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Ministry holds national influenza pademic exercise

Media Release

8 November 2006

Ministry of Health holding nationwide influenza pandemic exercise

The Ministry of Health is staging a nationwide influenza pandemic exercise tomorrow.

Exercise Makgill will involve the country's 21 District Health Boards, ESR and the Ministry of Health's National Health Coordination Centre, said National Coordinator of Pandemic Planning Steve Brazier.

Ministry staff and DHBs will spend 10 hours staging a scenario that involves "cluster control" or stamping out the pandemic before it spreads through the country.

Mr Brazier said Exercise Makgill will be an ‘enhanced’ table-top exercise, where plans are practised as realistically as possible while business continues as usual for health services.

“We are asking people to do more than simply tick boxes; we're looking to give people a bit of a challenge around the kinds of things that could happen in a real pandemic."

The past 18 months has seen the Ministry of Health leading many government and other agencies through intensive planning for a potential influenza pandemic.

This work has led to the New Zealand Influenza Pandemic Action Plan (NZIPAP).

Now the NZIPAP is completed, Exercise Makgill is the first of two exercises to review the plans and ensure a robust national response.

Mr Brazier said the size of the exercise meant there was a significant amount of preparation involved.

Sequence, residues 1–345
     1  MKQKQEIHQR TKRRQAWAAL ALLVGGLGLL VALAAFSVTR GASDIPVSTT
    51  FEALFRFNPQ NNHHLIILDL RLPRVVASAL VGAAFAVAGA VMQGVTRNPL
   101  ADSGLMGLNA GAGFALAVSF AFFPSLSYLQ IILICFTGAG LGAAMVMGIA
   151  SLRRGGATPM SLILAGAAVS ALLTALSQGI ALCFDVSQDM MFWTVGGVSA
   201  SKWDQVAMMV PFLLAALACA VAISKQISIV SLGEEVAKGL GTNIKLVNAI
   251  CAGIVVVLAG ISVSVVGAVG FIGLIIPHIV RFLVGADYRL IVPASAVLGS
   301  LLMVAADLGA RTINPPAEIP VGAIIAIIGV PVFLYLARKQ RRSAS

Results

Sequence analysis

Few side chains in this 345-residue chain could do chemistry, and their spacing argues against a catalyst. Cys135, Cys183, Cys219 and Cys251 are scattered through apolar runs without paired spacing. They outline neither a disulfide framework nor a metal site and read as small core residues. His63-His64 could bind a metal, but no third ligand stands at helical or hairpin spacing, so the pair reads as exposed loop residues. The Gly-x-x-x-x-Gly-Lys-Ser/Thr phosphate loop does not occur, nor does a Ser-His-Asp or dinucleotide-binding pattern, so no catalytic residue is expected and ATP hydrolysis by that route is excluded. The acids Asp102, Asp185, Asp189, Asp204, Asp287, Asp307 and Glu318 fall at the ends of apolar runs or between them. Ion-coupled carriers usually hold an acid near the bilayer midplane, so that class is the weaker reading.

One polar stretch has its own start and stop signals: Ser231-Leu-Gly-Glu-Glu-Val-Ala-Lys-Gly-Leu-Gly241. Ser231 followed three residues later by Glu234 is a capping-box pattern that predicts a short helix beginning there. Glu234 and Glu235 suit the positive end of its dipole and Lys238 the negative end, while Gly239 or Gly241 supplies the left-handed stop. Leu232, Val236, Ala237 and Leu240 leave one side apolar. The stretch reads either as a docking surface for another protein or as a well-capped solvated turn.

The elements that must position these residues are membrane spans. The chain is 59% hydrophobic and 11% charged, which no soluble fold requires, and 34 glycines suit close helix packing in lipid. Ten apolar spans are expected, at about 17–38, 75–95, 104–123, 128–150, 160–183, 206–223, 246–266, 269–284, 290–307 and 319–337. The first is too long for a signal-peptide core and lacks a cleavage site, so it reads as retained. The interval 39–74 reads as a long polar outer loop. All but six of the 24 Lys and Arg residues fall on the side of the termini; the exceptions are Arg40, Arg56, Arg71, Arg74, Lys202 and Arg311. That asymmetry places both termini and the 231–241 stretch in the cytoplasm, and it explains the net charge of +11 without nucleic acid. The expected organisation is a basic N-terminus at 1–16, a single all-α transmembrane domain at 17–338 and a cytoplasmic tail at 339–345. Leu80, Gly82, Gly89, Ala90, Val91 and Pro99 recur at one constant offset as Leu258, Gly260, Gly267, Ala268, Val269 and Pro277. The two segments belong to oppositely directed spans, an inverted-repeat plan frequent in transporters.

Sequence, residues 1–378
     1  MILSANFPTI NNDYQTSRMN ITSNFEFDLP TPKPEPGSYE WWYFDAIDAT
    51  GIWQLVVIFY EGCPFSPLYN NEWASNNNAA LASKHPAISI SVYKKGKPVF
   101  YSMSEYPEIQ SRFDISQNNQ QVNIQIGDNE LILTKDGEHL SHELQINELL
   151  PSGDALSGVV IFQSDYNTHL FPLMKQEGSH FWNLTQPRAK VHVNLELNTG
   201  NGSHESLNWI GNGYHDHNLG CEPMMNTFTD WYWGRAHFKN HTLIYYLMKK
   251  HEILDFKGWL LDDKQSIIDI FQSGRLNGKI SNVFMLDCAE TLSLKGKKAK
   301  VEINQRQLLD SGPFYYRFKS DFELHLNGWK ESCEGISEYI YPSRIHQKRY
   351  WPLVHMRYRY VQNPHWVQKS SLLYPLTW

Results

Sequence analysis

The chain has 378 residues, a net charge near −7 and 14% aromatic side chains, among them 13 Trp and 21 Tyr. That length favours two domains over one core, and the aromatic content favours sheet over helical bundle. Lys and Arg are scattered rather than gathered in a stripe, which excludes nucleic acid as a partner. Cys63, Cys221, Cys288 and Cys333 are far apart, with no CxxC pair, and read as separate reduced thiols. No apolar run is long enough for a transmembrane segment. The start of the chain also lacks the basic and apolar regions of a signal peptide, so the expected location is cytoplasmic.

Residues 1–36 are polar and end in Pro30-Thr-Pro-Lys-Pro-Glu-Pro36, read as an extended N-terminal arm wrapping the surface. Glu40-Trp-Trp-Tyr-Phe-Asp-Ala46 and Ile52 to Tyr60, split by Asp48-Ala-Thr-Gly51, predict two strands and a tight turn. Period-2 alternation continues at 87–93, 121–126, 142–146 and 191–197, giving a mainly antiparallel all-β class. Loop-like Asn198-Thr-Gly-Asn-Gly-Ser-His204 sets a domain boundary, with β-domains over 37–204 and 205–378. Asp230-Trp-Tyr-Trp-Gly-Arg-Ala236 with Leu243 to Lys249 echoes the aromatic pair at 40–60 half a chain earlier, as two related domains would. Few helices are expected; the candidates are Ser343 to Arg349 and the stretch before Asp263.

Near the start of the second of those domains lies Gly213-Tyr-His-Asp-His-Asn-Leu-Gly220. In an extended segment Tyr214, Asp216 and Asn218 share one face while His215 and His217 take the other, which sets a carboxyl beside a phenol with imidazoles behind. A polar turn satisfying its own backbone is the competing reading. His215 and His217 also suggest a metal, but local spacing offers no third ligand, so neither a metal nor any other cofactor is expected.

“A huge amount of hard work is going on behind the scenes to ensure this is a valuable learning experience for everyone involved.

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The lessons learnt from Exercise Makgill will enable existing plans to be modified and reassessed in the major exercise – Cruickshank – in May 2007.”

Public Health Director Dr Mark Jacobs said an influenza pandemic remains one of the biggest international threats to public health.

“An influenza pandemic occurs when a new type of influenza virus develops which can spread between people and make them sick and spreads around the world. Because the virus is new, people don't have any immunity and many people can become seriously ill.”

In the past 100 years there have been three influenza pandemics. "

"New Zealand has been actively preparing for an influenza pandemic for some time and we have detailed plans in place. Testing our preparedness through exercises is important for making sure we are as ready as we can be when the next influenza pandemic starts. ”

The exercise will evaluate how well the Ministry of Health and District Health Boards can gather critical information, respond to an unfolding scenario, and how well they use all the information they receive.

For this reason, the detailed scenario behind the exercise cannot be revealed to the media and public until the exercise has finished. Further general information is available from the Ministry of Health's website.


What is influenza?
Influenza is a highly infectious illness caused by a virus.

What are the symptoms?
Influenza usually causes two or three of the following symptoms:
· Sudden onset of fever
· Aches and pains
· Severe fatigue
· Headache
· Cough
· Sore throat
· Stuffy or runny nose

How is it spread?